segunda-feira, 26 de novembro de 2018

Cartazes de cinema pintados

A propósito de uma prática que já há muito desapareceu em Macau, os gigantes cartazes dos cinemas, publico um excerto de um artigo da BBC que refere a também extinção da actividade em Taiwan...
Yan Jhen-Fa has never met a film star, but he’s painted so many he can’t remember them all. Nearly every day for the last 48 years, the 66-year-old artist shuffles onto the pavement across from the Chin Men Theater in Taiwan’s oldest city, Tainan, holding a small image and five buckets of paint.
For the next eight hours, he squats on a plastic stool and kneels on the ground in his makeshift outdoor studio, using deft brush strokes to depict film legends in surreal, film noir-like friezes of suspense, passion or pride. When he finishes, he clambers up the scaffolding and uses rope to hoist the 20-sq-m canvases three storeys into the air to hang them on the theatre’s facade.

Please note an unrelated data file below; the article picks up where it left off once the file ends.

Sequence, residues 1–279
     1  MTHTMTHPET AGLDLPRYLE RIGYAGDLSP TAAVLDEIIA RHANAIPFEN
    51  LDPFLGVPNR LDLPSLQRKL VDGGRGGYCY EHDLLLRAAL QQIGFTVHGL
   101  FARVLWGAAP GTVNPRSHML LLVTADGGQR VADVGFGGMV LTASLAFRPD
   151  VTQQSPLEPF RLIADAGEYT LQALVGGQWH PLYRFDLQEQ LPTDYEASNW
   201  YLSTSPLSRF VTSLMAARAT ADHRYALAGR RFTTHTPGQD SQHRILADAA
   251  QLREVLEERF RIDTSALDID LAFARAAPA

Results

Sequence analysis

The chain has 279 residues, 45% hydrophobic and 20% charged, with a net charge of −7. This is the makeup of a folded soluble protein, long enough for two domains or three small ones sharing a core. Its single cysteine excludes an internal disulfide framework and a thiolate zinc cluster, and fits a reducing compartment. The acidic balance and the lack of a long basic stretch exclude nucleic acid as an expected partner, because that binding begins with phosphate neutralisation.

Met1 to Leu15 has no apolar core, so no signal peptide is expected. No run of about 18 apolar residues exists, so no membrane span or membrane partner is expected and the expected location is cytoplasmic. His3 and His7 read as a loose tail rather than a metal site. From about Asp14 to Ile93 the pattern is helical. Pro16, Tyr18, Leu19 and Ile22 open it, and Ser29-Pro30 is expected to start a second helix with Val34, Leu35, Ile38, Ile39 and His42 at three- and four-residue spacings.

Today, the Chin Men is the only remaining theatre in Taiwan to continue the age-old tradition of displaying hand-painted film posters. And in an era of digital printing and computerised billboards, Yan is one of the last artists in the world carrying on a craft that’s on the verge of extinction. (...)
As long as there have been movies, there have been movie posters. When silent films became popular in the 1910s, theatres around the world hired artists to convey the excitement of new releases and capture an audience’s attention before they even stepped into the theatre. By the 1940s, Hollywood studios began printing and shipping their painted posters around the globe. But in many places where skilled labour remained cheaper than billboard-sized prints, handmade paintings continued to adorn cinemas for decades to come.

Artigo BBC, Novembro 2018

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